Motion to Value Line – Request that the court determine the asset is worth less than the lien, thereby making a portion of the debt unsecured
Payment of non-dischargeable debts in full, such as debts owed to the government, restitution payments, alimony, child support, etc.
Motion to Avoid Liens – In some cases, you can void creditor liens, such as non-purchase money security interests on household goods. The debt would become unsecured debts
List of collateral being surrendered as part of the Chapter 13 repayment plan (i.e., giving up your home or car to get rid of the secured payments)
Payment of administrative fees such as the Chapter 13 trustee fees and unpaid Chapter 13 attorneys’ fees
Treatment of non-priority unsecured claims (general debts). These creditors receive a percentage of their claim based on your disposable income and other factors
Treatment of executory contracts and leases – most debtors choose to break the lease if they do not want to continue renting the space
Chapter 13 Repayment Plan Non-Standard Items
There is also a provision for non-standard terms in the Chapter 13 repayment plan. Attorneys may insert unique terms based on the facts of the case to help obtain confirmation of the Chapter 13 repayment plan.
The above explanations and list of items in a Chapter 13 repayment plan are extremely broad. Therefore, it should not be viewed as legal advice or relied upon to complete a Chapter 13 repayment plan. However, the United States Courts provide detailed information about Chapter 13 Bankruptcy Basics on its website and instructions for bankruptcy forms.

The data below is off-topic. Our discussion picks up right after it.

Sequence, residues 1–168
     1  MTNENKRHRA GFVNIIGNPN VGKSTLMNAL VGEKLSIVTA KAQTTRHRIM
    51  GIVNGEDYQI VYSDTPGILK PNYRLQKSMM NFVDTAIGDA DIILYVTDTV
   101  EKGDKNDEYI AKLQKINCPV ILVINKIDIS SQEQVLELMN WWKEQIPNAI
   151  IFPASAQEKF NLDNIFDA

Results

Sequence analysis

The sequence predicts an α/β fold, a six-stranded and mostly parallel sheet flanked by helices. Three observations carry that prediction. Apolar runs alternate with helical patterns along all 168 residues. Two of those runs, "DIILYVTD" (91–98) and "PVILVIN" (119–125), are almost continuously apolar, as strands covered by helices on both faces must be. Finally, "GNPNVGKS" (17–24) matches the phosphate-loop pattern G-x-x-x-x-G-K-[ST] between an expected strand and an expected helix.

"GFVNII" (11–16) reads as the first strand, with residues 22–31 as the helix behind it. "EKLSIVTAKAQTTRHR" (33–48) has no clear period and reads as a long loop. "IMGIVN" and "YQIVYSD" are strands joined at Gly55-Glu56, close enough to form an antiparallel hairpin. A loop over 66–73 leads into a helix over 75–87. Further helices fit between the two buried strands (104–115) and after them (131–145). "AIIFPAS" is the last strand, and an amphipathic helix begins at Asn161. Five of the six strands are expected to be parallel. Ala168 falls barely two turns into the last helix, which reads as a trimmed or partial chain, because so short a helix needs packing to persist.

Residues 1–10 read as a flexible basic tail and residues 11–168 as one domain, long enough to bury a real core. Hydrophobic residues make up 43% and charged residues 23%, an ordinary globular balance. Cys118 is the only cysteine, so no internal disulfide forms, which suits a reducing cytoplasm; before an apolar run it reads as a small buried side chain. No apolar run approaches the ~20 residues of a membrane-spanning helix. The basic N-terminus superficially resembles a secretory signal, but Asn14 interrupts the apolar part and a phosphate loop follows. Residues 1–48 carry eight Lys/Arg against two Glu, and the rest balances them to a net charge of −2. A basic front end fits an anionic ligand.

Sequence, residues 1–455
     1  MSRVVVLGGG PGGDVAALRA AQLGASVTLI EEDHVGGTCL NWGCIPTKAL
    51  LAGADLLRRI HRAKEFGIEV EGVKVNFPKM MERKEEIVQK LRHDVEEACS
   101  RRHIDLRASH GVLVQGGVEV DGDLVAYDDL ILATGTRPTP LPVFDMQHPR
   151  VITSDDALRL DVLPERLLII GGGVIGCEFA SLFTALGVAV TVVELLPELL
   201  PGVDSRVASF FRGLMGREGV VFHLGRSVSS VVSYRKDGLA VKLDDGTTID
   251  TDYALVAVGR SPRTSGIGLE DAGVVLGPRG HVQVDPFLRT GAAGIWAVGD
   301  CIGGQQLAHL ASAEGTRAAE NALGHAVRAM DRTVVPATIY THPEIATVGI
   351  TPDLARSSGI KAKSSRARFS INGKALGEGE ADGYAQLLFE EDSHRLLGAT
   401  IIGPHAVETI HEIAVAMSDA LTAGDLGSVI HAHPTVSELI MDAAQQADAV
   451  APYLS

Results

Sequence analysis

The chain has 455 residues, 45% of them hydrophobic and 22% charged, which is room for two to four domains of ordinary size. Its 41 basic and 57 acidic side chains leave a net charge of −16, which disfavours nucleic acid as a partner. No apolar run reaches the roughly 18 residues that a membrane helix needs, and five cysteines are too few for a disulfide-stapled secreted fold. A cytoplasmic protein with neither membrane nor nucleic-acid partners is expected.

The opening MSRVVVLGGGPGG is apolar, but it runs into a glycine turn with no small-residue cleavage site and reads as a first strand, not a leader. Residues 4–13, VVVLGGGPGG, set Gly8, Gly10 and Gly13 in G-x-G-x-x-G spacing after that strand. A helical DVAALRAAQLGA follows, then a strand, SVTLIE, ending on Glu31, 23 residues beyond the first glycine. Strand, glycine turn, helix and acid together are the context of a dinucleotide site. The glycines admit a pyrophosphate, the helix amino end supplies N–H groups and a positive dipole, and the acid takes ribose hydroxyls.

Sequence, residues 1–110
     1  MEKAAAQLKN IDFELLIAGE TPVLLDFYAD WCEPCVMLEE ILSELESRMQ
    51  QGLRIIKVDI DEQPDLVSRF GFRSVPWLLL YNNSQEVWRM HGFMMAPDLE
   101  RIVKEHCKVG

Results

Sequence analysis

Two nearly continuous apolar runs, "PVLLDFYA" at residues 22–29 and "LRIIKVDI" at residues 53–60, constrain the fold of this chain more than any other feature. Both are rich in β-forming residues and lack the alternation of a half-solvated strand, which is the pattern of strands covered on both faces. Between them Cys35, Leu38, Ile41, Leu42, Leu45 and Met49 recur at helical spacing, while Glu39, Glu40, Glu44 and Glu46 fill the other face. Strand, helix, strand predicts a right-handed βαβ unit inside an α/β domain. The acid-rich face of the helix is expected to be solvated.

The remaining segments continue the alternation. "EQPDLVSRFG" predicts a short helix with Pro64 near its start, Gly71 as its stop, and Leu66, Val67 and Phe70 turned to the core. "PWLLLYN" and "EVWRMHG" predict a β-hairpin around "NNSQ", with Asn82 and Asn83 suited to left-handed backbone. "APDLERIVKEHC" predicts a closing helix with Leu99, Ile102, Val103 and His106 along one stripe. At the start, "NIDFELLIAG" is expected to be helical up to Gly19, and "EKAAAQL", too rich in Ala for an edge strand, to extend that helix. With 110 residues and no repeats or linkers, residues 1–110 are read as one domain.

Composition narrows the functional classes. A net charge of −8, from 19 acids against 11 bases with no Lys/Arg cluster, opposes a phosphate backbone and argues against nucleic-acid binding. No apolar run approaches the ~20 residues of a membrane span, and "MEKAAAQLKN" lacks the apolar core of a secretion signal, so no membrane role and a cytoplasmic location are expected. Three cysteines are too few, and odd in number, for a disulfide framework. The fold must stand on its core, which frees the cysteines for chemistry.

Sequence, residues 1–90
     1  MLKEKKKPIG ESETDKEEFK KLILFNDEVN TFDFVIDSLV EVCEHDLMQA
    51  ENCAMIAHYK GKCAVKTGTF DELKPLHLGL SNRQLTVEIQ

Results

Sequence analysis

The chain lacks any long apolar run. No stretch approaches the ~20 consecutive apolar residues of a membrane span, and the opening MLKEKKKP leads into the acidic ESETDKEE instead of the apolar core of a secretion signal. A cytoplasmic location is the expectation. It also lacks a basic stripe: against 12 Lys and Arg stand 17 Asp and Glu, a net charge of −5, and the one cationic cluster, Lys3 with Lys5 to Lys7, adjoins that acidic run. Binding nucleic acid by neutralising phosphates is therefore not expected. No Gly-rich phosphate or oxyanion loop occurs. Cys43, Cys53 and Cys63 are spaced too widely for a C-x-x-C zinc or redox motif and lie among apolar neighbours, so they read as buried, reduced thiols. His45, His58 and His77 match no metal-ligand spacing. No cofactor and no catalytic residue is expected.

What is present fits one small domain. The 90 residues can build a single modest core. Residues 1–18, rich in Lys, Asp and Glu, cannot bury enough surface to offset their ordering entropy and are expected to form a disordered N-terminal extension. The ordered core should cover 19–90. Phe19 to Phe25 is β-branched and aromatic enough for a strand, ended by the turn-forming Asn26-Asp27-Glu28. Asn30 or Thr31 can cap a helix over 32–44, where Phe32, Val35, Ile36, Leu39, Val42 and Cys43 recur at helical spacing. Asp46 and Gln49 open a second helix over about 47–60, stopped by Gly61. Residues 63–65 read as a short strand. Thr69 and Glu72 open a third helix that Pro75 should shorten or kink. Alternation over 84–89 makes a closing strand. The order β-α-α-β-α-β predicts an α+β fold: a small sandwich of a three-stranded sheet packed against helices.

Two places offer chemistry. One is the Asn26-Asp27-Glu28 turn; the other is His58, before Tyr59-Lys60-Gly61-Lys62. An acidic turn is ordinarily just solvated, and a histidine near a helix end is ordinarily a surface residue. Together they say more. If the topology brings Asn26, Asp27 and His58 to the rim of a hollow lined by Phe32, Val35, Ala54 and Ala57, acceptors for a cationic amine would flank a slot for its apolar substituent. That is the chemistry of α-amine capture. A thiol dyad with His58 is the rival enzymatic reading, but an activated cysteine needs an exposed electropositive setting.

Should You Try to File Chapter 13 Bankruptcy Without an Attorney?
Only 2.3% of Chapter 13 closed bankruptcies between 2010-2016 were successfully completed without a bankruptcy attorney (Source: American Bankruptcy Institute), Chapter 13 cases are much more complicated than a typical Chapter 7 case. A mistake could result in the dismissal of your bankruptcy case. Even though you might not face fraud charges or fines for making a mistake, the dismissal could have severe impacts on your future.
You might be barred from filing for bankruptcy relief or a specific period. While you are waiting to refile your Chapter 13 case, your vehicle and home could be taken by the bank. Once you file Chapter 13, it might be too late to get them back.
We understand you might be curious about filing a Chapter 13 bankruptcy case in California. You might still have questions before contacting a lawyer. Ascend can help.
Try our Chapter 13 Calculator to estimate what your Chapter 13 payment might be if you filed a case. Then, learn about the pros and cons of Chapter 13 bankruptcy cases and alternatives to filing Chapter 13. This service is provided free of charge to you. You can take the free calculator below.